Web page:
The Hague: European Court of Justice
Paris : European Commission
Frankfurt: European Central Bank
The criteria that were figured out thus prove their efficiency as the only differences between the two maps relate to the allocation for Brussels and London. In fact the application of the three criteria lead quite rapidly to a consensus over the institution/city-region “match” as regards to the Commission, the Central Bank and the Court of Justice. On the contrary, the application of criterium Nr 1 (sectoral leadership) resulted in splitting the seminar in two groups :
1. the first group (IA) considered that the historic role of « defendor of the nation-state » played by Britain regarding the « continent » and European integration, led quite naturally to London and its region becoming the host of the institution in charge of representing the States in the European processes, and that is the Council. The role played by this very Council in the future common foreign policy also pleeds in favour of London (one of the few cities with Paris belonging to the club of the global metropoles) in order to reinforce the global visibility of the EU. Among the reasons pleeding in favour of the Parliament being located in Brussels is the fact that it would place it at the hub of the political and institutional architecture of the EU.
2. the second group (IB) considered that the determining historical characteristic of Britain related to the development of a parliamentary system and therefore that London would quite naturally be the place were to settle the European Parliament.
As to the other cities, the three criteria enabled to confirm the choice of Frankfurt for the Bank. The Hague and the Delta Metropolis region (also including Amsterdam, Rotterdam and Utrecht) has already been chosen on a global-scale to be the capital center of justice. Finally Paris and the Paris area, already thought about in the 50s/60s to host the Commission, is the other global metropolis (with London), likely to ensure international visibility for the European integrated executive organization ; and to be in line with the historic role of impulse played by the French since the origins of the European project.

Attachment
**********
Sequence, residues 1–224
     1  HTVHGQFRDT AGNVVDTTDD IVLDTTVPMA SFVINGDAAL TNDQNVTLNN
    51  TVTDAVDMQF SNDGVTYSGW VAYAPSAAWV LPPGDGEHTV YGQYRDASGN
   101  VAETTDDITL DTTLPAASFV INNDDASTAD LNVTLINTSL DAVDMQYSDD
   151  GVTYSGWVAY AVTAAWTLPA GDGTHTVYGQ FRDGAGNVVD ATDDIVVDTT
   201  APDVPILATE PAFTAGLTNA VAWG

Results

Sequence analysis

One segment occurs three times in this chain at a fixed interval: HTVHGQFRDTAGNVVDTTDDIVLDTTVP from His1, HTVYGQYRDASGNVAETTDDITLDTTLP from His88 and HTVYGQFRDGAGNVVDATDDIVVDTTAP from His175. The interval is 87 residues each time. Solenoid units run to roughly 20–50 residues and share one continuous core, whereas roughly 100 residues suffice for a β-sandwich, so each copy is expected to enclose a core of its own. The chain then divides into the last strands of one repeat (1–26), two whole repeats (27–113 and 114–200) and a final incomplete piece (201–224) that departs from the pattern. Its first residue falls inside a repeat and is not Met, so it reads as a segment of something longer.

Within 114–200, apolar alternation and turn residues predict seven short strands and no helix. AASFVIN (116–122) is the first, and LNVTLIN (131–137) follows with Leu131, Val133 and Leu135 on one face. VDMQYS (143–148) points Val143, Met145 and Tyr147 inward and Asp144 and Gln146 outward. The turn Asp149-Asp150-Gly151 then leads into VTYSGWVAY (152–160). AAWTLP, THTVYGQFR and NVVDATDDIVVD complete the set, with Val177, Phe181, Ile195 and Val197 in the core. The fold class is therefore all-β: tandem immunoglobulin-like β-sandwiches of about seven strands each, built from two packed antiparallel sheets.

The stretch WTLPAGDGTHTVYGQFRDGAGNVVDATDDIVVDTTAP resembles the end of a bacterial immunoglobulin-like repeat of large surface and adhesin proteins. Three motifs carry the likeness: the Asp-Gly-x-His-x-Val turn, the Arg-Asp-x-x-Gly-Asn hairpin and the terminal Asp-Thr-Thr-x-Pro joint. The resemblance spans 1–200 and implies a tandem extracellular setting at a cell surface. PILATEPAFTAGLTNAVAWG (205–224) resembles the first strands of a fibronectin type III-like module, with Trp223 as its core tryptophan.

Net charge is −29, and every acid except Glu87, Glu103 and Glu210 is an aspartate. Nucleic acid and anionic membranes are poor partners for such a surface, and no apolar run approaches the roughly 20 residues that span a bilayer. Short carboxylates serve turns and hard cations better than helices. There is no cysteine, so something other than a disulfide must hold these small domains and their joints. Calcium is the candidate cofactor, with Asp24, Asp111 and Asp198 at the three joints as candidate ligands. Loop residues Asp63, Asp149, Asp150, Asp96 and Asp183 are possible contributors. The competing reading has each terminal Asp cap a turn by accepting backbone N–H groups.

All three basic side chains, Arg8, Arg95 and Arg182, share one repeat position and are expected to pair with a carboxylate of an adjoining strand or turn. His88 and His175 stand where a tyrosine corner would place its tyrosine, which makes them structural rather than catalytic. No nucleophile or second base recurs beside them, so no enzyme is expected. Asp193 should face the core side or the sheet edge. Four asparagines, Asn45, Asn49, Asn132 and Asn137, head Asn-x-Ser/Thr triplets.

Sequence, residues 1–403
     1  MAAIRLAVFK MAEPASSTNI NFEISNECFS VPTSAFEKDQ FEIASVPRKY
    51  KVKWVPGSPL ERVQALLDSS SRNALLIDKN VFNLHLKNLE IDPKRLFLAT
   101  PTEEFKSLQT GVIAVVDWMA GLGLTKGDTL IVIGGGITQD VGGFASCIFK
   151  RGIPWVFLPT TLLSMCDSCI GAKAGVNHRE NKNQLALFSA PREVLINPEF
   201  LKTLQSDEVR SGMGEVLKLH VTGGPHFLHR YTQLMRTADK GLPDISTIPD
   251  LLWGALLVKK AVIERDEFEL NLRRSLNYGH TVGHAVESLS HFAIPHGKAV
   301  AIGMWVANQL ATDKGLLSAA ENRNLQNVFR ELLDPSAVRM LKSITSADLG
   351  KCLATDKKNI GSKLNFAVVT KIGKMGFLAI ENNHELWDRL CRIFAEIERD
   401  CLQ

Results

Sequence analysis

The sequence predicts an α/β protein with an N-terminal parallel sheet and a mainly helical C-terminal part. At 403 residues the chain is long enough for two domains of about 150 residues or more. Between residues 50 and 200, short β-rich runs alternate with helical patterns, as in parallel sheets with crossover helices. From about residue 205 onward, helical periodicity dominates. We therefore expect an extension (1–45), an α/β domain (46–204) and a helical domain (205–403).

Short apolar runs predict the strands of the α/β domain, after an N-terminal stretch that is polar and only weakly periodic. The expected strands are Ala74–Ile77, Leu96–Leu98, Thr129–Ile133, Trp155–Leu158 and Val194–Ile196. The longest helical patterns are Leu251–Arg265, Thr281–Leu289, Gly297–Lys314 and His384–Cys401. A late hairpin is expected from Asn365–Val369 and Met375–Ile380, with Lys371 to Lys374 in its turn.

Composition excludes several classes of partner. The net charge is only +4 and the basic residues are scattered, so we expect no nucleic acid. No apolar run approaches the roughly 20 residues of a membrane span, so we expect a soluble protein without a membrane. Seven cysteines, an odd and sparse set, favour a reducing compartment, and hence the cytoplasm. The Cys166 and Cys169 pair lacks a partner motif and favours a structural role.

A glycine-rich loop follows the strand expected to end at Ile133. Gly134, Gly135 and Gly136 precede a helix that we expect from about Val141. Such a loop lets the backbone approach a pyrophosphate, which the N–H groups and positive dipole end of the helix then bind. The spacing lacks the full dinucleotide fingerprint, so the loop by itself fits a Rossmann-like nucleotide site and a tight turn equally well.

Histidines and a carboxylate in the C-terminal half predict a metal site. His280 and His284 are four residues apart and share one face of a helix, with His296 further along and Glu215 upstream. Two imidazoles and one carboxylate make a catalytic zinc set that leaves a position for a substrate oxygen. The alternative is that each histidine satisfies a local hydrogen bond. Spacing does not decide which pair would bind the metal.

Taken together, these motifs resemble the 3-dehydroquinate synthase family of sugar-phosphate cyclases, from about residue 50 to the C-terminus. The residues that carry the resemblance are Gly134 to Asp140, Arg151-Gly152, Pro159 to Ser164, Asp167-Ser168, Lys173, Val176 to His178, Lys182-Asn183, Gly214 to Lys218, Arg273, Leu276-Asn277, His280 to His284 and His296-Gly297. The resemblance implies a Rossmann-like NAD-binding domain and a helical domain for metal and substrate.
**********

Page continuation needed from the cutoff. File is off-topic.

During the seminar, seven highly important statements were reminded:
. the enlargement to the East will not affect significantly the demographic, economic, financial and scientific balances. Thus the centre of gravity of the enlarged EU will remain in effect in the Euroring 1 area.
. the European Parliament, whether it is allocated to London or Brussels, will have to be located in one single place.
. the « remoteness » of a city or a region should be measured in terms of time of travel, cost of travel and quantity of data instantly transmittable. According to these criteria, the cities and regions of the Euroring 1 are clearly among the closest from any point in the European Union.
. the EU will not be able to weigh significantly on global affairs until it will not express from cities that have long ago conquered their space in the planet’s political imagination.
. the very acurate problems of recruitment met by the European institutions from their three current capitals (concerning the civil servants as much as the experts) are in the rise and affect more and more the quality of the delivered services.
. the management of big international organisations (multinational companies in particular) show that for a decade already the concepts of physical meetings have been totally disrupted by the appearance of new technologies. The notion of proximity of the various functions within one organisation has considerably been enlarged.
. the Parliament-Government geographical proximity was only rarely a choice from the Parliament and more generally the choice of the executive power eager to keep the legislative power under strict supervision.